Peloton has 2 million connected fitness subs, with a total sizeable market of 15 million (in their opinion) based on the markets they are currently in. This sizeable market should expand as they open in new markets, and increase the product portfolio.
The Tread product alone is a market that is 3 times bigger than the Bike.
Whilst there have been no announcements on the strength category, it was interesting for Jill to say it’s a core focus. That, along with earlier comments highlighted in this post, lead me to believe we may see a strength hardware product within the next year. Strength is another exercise group that can be done at home quite easily.
Market expansion is a focus. After the launch in Australia, we are yet to see the full extent of the growth there yet. Some long runways in terms of hardware adoption and digital subscriber growth are yet to come. As we know, Peloton is aiming to target 1 to 2 new markets each year, so we might see another market open up relatively soon.
The investments into capacity certainly show signs of their desire to stamp out a global footprint in the coming years.
Then channel, and this is a huge one. No longer a direct to consumer business, Peloton now can target commercial sales through their acquisition of Precor. This should allow Peloton to expand into hospitality, colleges, and a host of other new channels for their hardware and digital products.
Another channel might be corporate wellness programs. This was likely put on the back burner as the company faced capacity constraints and the insatiable demand from lockdown spending.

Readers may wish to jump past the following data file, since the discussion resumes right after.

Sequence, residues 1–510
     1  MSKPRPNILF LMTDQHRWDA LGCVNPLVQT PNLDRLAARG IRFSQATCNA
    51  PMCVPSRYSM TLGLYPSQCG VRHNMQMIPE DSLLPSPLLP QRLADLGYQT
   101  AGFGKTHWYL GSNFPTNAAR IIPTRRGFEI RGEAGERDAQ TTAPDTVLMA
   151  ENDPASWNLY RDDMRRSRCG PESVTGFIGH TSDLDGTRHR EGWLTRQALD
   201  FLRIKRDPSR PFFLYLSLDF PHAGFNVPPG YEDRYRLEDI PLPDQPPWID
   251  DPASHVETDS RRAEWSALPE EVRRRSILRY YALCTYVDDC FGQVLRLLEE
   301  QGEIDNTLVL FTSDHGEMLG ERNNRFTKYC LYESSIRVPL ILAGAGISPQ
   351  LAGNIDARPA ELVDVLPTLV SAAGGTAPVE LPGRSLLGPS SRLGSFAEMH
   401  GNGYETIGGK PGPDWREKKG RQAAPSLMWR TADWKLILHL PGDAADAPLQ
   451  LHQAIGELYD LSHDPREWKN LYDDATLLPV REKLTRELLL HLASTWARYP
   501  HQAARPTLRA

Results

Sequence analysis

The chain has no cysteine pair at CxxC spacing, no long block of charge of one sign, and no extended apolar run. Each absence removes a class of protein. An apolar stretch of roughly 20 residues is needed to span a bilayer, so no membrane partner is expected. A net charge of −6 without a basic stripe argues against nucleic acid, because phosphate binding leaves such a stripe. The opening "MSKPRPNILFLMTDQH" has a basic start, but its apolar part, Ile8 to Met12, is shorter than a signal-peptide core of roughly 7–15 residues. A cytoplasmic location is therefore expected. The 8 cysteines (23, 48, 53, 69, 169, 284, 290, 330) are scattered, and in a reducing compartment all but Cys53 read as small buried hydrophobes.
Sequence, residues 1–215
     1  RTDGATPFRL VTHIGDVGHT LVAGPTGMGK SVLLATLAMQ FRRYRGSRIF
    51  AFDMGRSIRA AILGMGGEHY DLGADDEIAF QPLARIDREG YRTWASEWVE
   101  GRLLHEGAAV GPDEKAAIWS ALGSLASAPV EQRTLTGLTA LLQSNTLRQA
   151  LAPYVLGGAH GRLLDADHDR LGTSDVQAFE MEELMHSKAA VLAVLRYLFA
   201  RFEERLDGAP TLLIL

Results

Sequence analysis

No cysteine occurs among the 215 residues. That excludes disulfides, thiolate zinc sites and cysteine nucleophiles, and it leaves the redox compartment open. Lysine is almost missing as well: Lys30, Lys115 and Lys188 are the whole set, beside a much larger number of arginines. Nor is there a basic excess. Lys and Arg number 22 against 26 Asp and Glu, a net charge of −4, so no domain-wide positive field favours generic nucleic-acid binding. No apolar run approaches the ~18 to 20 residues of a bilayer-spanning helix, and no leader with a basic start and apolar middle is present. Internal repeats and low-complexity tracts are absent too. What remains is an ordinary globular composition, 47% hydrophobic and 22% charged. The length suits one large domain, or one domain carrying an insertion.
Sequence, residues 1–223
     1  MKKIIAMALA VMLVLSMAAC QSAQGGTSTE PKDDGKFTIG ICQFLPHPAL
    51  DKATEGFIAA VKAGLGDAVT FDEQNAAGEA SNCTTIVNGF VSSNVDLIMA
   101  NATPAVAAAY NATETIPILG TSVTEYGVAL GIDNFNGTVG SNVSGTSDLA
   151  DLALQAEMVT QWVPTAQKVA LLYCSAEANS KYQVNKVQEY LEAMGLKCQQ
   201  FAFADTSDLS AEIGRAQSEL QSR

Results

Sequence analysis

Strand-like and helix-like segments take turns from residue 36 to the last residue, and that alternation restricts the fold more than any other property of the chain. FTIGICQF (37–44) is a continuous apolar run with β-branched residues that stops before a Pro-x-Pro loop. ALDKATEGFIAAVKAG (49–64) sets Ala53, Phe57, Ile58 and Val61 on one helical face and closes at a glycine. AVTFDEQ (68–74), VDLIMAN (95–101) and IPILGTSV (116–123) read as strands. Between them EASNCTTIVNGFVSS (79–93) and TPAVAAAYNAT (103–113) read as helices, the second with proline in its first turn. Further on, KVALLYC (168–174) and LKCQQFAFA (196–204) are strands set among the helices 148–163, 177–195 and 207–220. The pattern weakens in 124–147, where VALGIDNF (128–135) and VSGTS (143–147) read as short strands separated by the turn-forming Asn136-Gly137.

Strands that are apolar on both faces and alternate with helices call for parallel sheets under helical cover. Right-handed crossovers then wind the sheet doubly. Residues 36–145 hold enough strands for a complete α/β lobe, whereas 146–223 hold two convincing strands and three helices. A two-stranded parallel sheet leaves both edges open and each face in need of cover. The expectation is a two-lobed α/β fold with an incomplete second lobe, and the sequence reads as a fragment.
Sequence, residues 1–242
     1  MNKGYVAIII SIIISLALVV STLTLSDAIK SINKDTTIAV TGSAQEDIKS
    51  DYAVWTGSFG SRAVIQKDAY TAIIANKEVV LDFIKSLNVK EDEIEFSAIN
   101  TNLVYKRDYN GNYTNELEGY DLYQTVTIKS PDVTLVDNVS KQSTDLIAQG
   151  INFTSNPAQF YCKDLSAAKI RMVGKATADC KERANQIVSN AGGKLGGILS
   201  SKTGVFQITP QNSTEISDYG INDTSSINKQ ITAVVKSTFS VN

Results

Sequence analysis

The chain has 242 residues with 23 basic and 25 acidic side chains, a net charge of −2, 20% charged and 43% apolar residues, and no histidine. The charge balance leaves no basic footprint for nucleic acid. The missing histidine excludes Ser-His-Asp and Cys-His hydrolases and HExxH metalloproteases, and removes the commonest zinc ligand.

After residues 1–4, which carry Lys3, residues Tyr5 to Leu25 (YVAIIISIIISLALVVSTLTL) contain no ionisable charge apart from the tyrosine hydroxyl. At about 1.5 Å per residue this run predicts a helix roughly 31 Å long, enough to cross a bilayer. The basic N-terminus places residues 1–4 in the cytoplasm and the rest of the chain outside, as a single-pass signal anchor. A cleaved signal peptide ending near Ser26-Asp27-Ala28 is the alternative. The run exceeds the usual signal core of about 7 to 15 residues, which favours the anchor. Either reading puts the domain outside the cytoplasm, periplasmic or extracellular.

In the coming quarters, Jill noted that they plan to be:
“Working directly with health care providers because we do have the tools and the data that will allow them to better hopefully manage their premiums over time. So we're super excited about some partnerships we can do there. It's obviously been on our minds for many, many months. But in a supply-constrained world, these are things that we haven't been able to focus on until now.”
It will be interesting to see how the market reacts to the eventual deceleration in revenues as time passes, but that is neither here nor there, to me.
Despite the consistent number of ‘narrative-ending’ events that have taken place (another Treemore chart by the way) over the last few years, Peloton has continued to introduce new offerings, expand their subscriber base of both hardware and digital customers, open new markets, acquire new businesses, and extend their lead in the connected fitness space.
Whilst I would not be surprised to see Peloton raise additional capital at some point in the next few quarters, the fundamental position of the company looks strong.
What happens to the share price in the interim is less of a concern to me, than the continuance of their penetrative strategy.
There are a number of exciting growth runways and areas for reinvestment. It’s really a ‘watch this space’ position for me.
The Tread recalls, and subsequent impacts to the business, are not attractive, but they are non-recurring and don’t appear to pose a significant detriment to the business long term.
So long as they continue to execute, I will continue to hold.
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Lead Analyst at Occasio Capital Ltd